The last time we saw Jon Jones, he was the UFC light heavyweight champion, the consensus No. 1 pound-for-pound fighter on the planet, and for all intents and purposes, the king of the combat sports world.
Though it’s fair to say his crown was a little crooked by the end of his Dominick Reyes fight.
That was three long years ago and to give you an idea how fast the landscape changes in the hurt business, consider that Henry Cejudo was still champion of both the flyweight and bantamweight divisions, while Khabib Nurmagomedov was ruling the roost at 155 pounds.
Yeah, it’s been a minute.
Jones (26-1, 1 NC) will finally make good on a promise he made over a decade ago when he takes center stage as a heavyweight contender against top-ranked bruiser and former interim champion Ciryl Gane atop the UFC 285 pay-per-view (PPV) card, locked and loaded for this Sat. night (March 4, 2023) at T-Mobile Arena in Las Vegas, Nevada.
There’s a lot to dislike about Jones the person, who spent a good chunk of his UFC career bogged down by positive drug tests — from cocaine to picograms — along with drunk driving arrests, domestic violence charges, and that bizarre strip club incident that involved ... well, better off just reading the gory details here.
As an athlete, there’s no denying his place among the MMA greats.
But one of the most compelling aspects of his UFC 285 return is less about what we already know and more about what we don’t know. Jones has never competed at heavyweight and will now be tasked with facing the No. 1-ranked heavyweight in the world.
How will his cardio hold up in the championship rounds?
“I believe I know the answers to these questions,” Jones said at the UFC 285 media day. “I feel awesome. I feel like I move really well. I have great pride in my endurance. I feel great. I feel like a stronger version of myself. I’m not super lean, I don’t have a mean six-pack like I used to. That took me a while to get used to back in the day. I would judge my fitness level by how I look in the mirror. I’m a heavyweight now. It’s not about what you look like. It’s about how you perform.”
“Bones” also told reporters that he plans to enter the cage around 245 or 250 pounds on fight night, significantly heavier than his light heavyweight contests, even when you factor in rehydration after previously making the 205-pound limit. That excess weight could effect his overall speed, or his ability to utilize an effective jab or teep kick.
Or it could not.
We don’t know for sure but here’s the thing: Jones doesn’t either. He also doesn’t know how long it will take to readjust his timing after being out of the cage for three years, the longest break of his career. In fact, Jones has competed at least once per calendar year for the last 15 years, dating back to his professional debut for Full Force Productions in early 2008.
Hard to believe when you consider how many times he’s been benched.
It’s also important to note that Jones turns 36 in July, so it’s not like his 2016 return against Ovince Saint Preux, when “Bones” was coming off a long layoff at age 28. On top of that, Jones was tossed from Jackson-Winkeljohn MMA after the aforementioned domestic violence incident in Las Vegas, relegating Jones to an affiliate gym where he trains with Brandon Gibson and a couple of unranked heavyweights.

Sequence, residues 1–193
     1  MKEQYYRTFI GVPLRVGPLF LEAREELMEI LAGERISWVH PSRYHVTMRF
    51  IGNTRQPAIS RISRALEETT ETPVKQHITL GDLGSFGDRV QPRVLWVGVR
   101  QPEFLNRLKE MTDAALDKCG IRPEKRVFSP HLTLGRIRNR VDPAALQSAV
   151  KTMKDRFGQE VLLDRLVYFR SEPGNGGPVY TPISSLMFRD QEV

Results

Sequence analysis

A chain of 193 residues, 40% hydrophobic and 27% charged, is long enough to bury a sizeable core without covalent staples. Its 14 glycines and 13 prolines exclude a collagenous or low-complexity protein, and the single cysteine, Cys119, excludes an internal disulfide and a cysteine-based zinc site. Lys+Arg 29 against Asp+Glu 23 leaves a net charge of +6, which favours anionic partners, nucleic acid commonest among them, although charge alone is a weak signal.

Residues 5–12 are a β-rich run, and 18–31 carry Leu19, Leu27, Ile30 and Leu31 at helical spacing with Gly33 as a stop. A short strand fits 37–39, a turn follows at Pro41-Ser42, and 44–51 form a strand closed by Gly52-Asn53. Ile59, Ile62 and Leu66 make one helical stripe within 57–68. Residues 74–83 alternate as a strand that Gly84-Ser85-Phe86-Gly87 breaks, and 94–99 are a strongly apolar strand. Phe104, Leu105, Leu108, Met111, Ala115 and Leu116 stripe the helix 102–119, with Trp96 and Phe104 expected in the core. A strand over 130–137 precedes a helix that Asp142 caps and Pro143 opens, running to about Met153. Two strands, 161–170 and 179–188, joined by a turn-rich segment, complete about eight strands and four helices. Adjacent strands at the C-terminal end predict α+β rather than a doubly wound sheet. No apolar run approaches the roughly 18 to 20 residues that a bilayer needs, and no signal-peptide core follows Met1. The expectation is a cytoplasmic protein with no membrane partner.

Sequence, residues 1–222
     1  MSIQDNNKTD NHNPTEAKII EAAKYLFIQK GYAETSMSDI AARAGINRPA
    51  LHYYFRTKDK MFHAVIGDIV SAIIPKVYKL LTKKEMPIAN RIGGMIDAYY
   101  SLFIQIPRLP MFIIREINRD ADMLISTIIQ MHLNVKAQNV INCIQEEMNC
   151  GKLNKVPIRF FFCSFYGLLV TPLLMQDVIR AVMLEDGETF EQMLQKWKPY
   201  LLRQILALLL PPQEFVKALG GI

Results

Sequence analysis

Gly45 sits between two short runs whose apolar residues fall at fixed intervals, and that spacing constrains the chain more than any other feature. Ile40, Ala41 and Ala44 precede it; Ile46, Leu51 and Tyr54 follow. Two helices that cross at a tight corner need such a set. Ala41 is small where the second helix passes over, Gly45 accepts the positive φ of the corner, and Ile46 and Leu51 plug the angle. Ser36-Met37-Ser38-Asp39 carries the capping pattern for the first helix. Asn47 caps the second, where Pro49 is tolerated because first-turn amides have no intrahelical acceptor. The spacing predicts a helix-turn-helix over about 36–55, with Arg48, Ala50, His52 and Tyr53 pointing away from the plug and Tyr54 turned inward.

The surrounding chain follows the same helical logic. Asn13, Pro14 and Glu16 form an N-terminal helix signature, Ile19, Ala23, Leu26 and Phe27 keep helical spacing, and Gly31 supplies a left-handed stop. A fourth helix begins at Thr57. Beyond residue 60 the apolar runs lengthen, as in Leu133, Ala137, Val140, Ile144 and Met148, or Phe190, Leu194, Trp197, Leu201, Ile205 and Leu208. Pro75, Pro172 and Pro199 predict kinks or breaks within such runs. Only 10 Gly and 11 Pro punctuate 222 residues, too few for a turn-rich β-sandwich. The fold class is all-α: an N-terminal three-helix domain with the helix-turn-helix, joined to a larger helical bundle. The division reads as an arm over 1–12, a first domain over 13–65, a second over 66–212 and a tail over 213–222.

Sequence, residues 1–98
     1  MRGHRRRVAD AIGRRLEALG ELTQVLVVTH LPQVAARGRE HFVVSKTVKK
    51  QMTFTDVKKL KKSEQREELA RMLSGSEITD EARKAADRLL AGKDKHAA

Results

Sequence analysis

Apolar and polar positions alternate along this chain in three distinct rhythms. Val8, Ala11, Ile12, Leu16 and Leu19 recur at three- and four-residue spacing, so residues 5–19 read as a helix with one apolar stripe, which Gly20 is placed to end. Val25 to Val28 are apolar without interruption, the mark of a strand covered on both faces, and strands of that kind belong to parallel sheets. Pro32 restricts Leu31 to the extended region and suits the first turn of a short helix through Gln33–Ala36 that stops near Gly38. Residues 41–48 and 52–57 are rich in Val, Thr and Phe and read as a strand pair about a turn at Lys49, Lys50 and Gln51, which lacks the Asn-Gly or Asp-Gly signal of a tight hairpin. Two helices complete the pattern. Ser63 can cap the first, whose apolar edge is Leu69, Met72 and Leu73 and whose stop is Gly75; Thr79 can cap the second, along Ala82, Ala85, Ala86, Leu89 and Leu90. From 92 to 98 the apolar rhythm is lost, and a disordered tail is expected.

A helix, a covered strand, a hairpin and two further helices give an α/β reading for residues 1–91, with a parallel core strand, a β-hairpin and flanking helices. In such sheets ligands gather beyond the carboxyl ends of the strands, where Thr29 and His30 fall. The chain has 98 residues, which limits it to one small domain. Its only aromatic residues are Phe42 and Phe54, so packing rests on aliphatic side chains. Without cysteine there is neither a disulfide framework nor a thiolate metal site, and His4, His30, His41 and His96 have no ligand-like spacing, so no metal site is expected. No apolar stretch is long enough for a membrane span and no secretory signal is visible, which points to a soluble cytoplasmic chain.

Yet another major change ahead of his UFC 285 return.
If Jon Jones, who once bragged that he was talented enough to beat Daniel Cormier after a weekend of cocaine, is truly one of the most talented fighters to ever lace up the four-ounce gloves, then his extra weight, advancing age, change in camps, and extended layoff are nothing more than minor inconveniences.
And opponent Ciryl Gane is not without his weaknesses.
“I know that at the end of the day, I have a dog in me,” Jones continued. “I have a lion in me. I have a vicious warrior inside of me. It’s who I am. Losing’s not an option because it’s not just a sporting event to me. This is my life. This is my image. This is my legacy. This is me. My reasons why are really big. I don’t know if his energy matches mine when it comes to the seriousness of how I take this fight and game.”
“I can’t predict the future,” Jones said. “I speak very confidently. I have a lot of belief. I have a lot of faith. But I can’t predict the future. This fight could be an absolute war, or it could be like, ‘Wow, he just blew through Gane.’ I don’t know how it’s going to look. I think I’m just going to base it on how I’m performing, how I’m feeling. I take it one fight at a time and my goals for myself personally is to make this look easy and to fight at least two times this year, and then we’ll just take it from there.”
The future of Jones — and the heavyweight division — will be decided at UFC 285.
Remember that MMAmania.com will deliver LIVE round-by-round, blow-by-blow coverage of the entire UFC 285 fight card right here, starting with the early ESPN+ “Prelims” matches online, which are scheduled to begin at 6:15 p.m. ET, then the remaining undercard on ESPN/ESPN+ at 8 p.m. ET, before the PPV main card start time at 10 p.m. ET on ESPN+ PPV.
To check out the latest and greatest UFC 285: “Jones vs. Gane” news and notes be sure to hit up our comprehensive event archive right here. For the updated and finalized UFC 285 fight card and PPV lineup click here.